Having recently delved into some films of Apichatpong Weerasethakul, I’m finding him such a rich director on so many levels. While he usually gets lumped in the CCC crowd, I see much more of an influence from Kubrick and other formalists.
Specifically referring to Blissfully Yours, Tropical Malady and Syndromes and A Century; this consistent use of a distinct and separate second half to comment upon the first half is structurally refreshing and encourages thematic readings across his films.
Thematically, they all delve into the idea of reverting to a natural state. Blissfully Yours (which I am not as impressed by as the other two) uses a natural location to allow a relationship to be looked at more clearly. Malady (my favorite) calls on primal myths to show modern human mating rituals in a very different light. Syndromes asks how industrialization had distorted human interactions (a common idea in film that is rarely handled this well.)
I’d like to hear other opinions on both Weerasethakul’s use of structure and other director’s who also utilize consistent formal structures to advance themes throughout their works.
The second half is usually a repetition of the first half in, as you point out, a more naturalized setting. I don’t think I’d necessarily call them wholly distinct, certainly not separate, given that element.
The most interesting thing about this element of his cinema is how he could use these breaks in narrative structure to create an emotional resonance not created in the other half of the film; the poetic romanticism vs. the raw emotion in Tropical Malady, the cold, cleanness vs. the elegaic, proletarian warmth in Syndromes and a Century. And of course all of this culminates in his triptych Primitive; Phantoms of Nabua, A Letter to Uncle Boonmee and Uncle Boonmee Who Can Recall His Past Lives. All of which rely on multiple narrative strains being told at once and creating an incredibly complex emotional substructure within each scene, each shot of each film.
And he doesn’t get ‘lumped in’ with ‘CCC’. At least according to Tuttle he’s one of the founding figures of the form. If you accept that ‘CCC’ is a valid term for a supposed movement in modern art cinema claiming Weerasthekul gets ‘lumped in’ with them would be akin to claiming Godard gets ‘lumped in’ with the New Wave.
I’ve never heard Weerasethakul mention Kubrick (and I’d be incredibly surprised if I ever did), but I know he cites Kiarostami as a major influence. Who is another filmmaker Tuttle cites as a founding figure of this so-called movement.
Like any genre, I suspect CCC can have a somewhat elastic meaning, but I usually think of elements like narrative being secondary to mood, long takes and limited dialogue. Weerasethakul, on the other hand, has very intricate plots and plenty of conversation.
It’s interesting to hear that his shorts utilize simultanious narrative strains and I look forward to seeing how that gets pulled off.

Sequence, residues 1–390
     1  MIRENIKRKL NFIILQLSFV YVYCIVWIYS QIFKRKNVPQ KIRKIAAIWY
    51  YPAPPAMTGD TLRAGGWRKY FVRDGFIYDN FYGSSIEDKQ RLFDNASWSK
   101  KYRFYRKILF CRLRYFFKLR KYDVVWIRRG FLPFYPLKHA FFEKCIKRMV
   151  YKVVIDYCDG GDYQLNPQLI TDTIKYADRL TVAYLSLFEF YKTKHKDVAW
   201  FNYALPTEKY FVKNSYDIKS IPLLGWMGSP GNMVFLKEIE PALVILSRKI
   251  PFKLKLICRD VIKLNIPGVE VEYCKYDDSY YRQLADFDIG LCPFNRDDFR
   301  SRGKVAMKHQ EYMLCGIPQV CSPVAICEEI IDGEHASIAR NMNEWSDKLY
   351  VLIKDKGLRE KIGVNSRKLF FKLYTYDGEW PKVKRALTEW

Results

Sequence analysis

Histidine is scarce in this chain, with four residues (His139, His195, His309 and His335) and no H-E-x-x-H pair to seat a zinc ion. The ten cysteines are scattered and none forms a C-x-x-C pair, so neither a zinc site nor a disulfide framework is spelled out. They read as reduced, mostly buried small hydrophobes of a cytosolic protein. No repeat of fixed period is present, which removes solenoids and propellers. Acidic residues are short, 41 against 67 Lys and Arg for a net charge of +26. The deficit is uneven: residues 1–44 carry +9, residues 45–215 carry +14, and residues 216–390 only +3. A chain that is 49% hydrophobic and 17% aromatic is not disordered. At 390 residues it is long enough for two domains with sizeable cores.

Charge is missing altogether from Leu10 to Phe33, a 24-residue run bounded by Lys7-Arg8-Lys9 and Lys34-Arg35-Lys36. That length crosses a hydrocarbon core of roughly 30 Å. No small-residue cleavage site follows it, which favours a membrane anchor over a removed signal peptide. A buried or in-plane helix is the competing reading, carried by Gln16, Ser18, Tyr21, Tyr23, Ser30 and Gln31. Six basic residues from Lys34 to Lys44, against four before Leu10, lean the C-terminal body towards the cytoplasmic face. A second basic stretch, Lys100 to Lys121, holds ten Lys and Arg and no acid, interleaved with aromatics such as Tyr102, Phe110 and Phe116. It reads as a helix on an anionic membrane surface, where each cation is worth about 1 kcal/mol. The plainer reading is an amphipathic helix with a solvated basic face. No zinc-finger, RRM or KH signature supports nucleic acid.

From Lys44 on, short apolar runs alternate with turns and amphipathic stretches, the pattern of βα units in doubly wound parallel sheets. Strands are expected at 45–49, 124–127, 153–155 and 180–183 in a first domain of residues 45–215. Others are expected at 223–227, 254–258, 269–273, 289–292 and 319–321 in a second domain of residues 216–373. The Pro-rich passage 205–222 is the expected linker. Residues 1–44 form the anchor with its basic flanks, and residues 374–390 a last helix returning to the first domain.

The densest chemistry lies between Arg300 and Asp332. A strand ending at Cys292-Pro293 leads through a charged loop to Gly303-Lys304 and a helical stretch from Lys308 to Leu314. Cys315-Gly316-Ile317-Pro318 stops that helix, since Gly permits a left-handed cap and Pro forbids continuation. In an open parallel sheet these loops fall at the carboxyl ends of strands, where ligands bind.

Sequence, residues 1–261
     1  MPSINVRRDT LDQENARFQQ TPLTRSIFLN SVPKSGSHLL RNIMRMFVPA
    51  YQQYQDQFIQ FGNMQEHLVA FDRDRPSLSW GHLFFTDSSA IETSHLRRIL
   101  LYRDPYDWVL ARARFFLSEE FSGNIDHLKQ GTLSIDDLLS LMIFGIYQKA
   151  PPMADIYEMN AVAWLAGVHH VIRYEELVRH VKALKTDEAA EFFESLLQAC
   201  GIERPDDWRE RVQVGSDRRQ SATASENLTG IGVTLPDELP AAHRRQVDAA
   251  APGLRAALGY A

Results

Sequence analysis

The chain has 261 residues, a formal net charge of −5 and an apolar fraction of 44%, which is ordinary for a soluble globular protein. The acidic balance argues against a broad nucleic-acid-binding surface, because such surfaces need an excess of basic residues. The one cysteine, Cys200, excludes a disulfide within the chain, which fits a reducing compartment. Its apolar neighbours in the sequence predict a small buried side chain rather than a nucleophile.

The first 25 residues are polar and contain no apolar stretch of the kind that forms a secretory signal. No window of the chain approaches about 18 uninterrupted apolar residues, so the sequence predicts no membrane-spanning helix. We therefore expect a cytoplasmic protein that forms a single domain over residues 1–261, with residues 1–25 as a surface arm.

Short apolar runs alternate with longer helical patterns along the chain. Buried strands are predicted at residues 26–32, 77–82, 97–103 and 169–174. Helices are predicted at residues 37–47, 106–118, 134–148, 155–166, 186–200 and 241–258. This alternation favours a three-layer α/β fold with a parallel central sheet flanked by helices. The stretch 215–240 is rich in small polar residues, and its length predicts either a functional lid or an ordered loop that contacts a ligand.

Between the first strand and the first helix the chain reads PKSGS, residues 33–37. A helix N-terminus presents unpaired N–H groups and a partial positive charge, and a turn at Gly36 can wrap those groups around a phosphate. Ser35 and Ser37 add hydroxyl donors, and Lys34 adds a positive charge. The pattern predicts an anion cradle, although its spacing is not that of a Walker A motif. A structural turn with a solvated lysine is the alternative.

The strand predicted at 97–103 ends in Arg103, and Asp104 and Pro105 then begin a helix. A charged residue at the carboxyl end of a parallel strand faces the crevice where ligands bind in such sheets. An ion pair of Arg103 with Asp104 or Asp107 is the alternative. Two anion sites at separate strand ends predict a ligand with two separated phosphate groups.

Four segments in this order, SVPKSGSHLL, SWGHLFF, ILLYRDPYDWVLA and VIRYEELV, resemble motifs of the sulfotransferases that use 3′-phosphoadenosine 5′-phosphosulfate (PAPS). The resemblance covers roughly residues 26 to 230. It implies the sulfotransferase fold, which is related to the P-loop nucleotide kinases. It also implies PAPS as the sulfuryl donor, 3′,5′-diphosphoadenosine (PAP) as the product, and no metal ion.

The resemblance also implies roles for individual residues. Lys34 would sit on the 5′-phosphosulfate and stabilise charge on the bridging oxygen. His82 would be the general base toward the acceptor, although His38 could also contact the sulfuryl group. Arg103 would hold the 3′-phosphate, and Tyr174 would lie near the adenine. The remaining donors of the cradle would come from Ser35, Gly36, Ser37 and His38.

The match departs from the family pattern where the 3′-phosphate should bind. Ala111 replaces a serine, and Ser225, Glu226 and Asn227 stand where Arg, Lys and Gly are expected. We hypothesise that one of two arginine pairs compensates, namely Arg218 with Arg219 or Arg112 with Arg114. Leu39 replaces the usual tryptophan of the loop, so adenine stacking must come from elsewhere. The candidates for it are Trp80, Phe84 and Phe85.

It’s more about usage of narrative, rather than its lack (pretty much anyone has ‘complex plots’ if you get far enough down the rabbit hole).
Downplayed dialogue (more important than its lack; Puiu loads his films with dialogue and is also considered a major figure by Tuttle), lack of clear narrative resolution, music not playing an emotive/narrative pushing role, no voiceover, or traditional dramatic tropes, etc.. Combined with a long-take, long-shot aesthetic (Uncle Boonmee has an ASL of over 34 seconds).
The debate over whether it is a genre or a combination of cultural coincidence and cinematic influence is to be had. But it’s almost undeniable that, if one accepts these elements as the creation of a distinct genre, not only does Joe use them wholeheartedly, he’s influenced a large number of young filmmakers in the so-called ‘CCC’ vein that have come after him.
I’m glad to hear you’re getting along with Apichatpong’s cinema, Brad! It seems Wu has already covered quite a bit of territory in two posts. It definitely seems like Apichatpong is moving into a new era of his oeuvre, moving on from his bifurcated works into more complex structures, and as many have noted, moving towards increasingly political filmmaking, though any political notions still feel overwhelmed by mood and ambiguity. Have you watched Ashes?
I think of the second half of TM as a mythic repetition of the first half, showing that what seemed to be prosaic in the first half was actually life or death business. I love his films.
“…moving towards increasingly political filmmaking…”
That’s something that’s interesting. I wouldn’t necessarily call it a move into politics, but it has become more of a focus since Syndromes.Mysterious Object at Noon’s fiction narrative takes place during a war, a civil war I think, constant reference to the military is made on the radio if memory serves (though I should rewatch the film), which is an idea carried into Uncle Boonmee. And Blissfully Yours is about an illegal worker, which is another theme continued in Phantoms of Nabua and Uncle Boonmee.
Adam, just gave Ashes a watch before work and it’s certainly got it’s own compelling visual language. Wasn’t able to garner anything deep meaning from the everyday activities (although many individual shots were compelling), but I’m thinking I missed something.
For me, Wu, a vague political context has permeated his entire body of work, but more recently he seems to be a bit restless with that vagueness and has teased the idea of being more explicit and/or allegorical. Lets see what he does next.
I love the rhythm of Ashes that he’s able to create with the brief shot lengths of the Lomokino…